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The day I ate (and drank) my way through Boston, food coma and all

Bacon. Ice cream. Fried eggs. Meat pies. Gin. I tried some of the hottest local foods in the city that are primed for new .boston domains.

How many dishes and restaurants have you been meaning to try? If you’re like me, your list of where you want to eat is longer than your grocery list. With .boston web domains now available to local businesses in an effort to connect cities and communities through internet identities, I decided to eat my way around Boston for a day. Imagining all the delicious possibilities out there, from and to, I spat out my stale pb&j and got to work.

9 a.m. Gracenote, Downtown Crossing

I start the morning at the best coffee shop in the city. Gracenote, tucked between the hustle and bustle of Chinatown and the Financial District, is bright and airy with a standing, woodworked bar that runs along its street-facing windows. It’s the kind of naturally lit place that requires under-eye concealer, if not seven hours of sleep, and a sweater as sustainable as the succulents.

I get to the front of the line and go back and forth with the barista on what to get. “Order what you like,” she says. “It’ll taste better than what you’re used to.”

I ignore the fact that she thinks I look like a Dunkin Donuts regular and order a flat white. She’s right. The steamed milk is frothy and rich, like melted down whipped cream, and the espresso tastes so good I wonder why I ever add sugar to coffee in the first place. I’m hungry, so I take it to go.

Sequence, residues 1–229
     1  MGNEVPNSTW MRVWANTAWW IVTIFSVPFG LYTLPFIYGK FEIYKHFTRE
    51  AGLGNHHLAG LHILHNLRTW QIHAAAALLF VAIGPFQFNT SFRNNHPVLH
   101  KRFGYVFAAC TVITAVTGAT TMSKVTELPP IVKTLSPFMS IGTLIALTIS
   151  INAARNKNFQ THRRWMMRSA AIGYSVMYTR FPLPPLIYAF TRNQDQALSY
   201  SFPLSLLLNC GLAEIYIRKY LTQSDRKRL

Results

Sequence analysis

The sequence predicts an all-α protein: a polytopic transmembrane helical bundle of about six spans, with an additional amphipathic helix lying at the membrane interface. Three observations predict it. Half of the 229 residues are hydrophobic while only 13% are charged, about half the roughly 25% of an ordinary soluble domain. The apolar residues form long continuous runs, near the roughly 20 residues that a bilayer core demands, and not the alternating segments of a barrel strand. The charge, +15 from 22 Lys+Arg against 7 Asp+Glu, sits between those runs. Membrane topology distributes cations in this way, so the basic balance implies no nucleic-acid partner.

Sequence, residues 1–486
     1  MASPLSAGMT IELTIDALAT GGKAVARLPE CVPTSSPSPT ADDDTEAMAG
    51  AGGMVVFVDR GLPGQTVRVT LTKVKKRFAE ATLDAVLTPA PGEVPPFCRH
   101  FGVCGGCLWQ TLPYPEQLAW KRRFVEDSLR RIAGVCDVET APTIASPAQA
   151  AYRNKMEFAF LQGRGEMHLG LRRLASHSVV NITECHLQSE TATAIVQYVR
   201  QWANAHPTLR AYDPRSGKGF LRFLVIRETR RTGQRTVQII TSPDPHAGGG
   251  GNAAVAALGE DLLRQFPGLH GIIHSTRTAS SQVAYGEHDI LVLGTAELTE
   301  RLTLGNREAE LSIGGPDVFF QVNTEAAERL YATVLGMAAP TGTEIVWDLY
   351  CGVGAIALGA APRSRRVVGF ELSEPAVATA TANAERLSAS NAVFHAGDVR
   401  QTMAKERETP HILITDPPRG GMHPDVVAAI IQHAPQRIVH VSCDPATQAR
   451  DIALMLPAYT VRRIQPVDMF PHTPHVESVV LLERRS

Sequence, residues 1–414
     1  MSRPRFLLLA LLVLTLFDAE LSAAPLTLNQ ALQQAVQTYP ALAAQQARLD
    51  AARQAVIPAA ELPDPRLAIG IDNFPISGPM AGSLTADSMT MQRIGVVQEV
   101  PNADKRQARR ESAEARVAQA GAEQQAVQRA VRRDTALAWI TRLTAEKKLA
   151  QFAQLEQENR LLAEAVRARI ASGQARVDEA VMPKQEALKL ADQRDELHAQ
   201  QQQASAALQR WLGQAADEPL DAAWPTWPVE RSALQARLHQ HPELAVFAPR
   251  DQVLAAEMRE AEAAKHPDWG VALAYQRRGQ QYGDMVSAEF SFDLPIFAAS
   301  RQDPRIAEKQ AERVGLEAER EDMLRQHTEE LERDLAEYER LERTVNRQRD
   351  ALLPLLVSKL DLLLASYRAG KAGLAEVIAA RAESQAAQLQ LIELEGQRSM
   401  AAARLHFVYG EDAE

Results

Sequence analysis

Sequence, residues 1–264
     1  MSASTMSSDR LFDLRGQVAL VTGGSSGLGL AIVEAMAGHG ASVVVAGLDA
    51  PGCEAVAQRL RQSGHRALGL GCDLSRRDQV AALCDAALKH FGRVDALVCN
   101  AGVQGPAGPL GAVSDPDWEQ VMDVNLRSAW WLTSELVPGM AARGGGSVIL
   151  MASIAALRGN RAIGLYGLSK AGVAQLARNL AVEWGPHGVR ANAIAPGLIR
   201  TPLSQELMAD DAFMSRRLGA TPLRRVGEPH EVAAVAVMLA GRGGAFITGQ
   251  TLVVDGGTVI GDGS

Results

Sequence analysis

10 a.m. Mike & Patty’s, Bay Village

I know this place is good before I even walk in because construction workers are sitting on the stoop outside, which is like a human Zagat rating for good sandwiches.

With only four stools in this tiny corner shop and not much room to stand, you have to order quick. My pick is the Bellota Baller, with acorn-fed Ibérico de bellota bacon (Spanish for “bacon that’ll cost you”), fried egg, and Vermont clothbound cheddar on a homemade English muffin.

I take my place on the stoop among the others, but I don’t wait long. Someone brings out my order, so fresh from the grill it’s almost too hot to hold. I take one bite and the bacon’s smoky flavor blends almost immediately with sharp, melted cheddar. It’s good — really good — and the construction worker next to me nods as I’m mid-bite, as if to say told you so. I won’t be hungry for a while.

12:30 p.m. KO Pies, East Boston

And by a while, I mean two hours. I take an Uber through East Boston and arrive at a no-frills building in the shipyard. I find the entrance between a giant Australian flag and kangaroo crossing road sign: someone either got carried away with related items on Amazon or I’m at the only Australian-inspired restaurant in the city.

I’m here for KO’s made-from-scratch meat pies. I get the braised lamb shank, mixed with carrots, green beans, rosemary, and peas in a rich lamb gravy. The crust is flaky and the lamb tender, so it doesn’t need anything else. But I still try KO’s famous “brown sauce.”

It’s tangy like barbecue, but I can’t put my finger on a certain sweetness. Sam Jackson, the Wollongong-born owner who’s also working the kitchen today, tells me it’s made with dates and malt vinegar before trailing off with a smile. I’ll have to satisfy my sweet tooth elsewhere.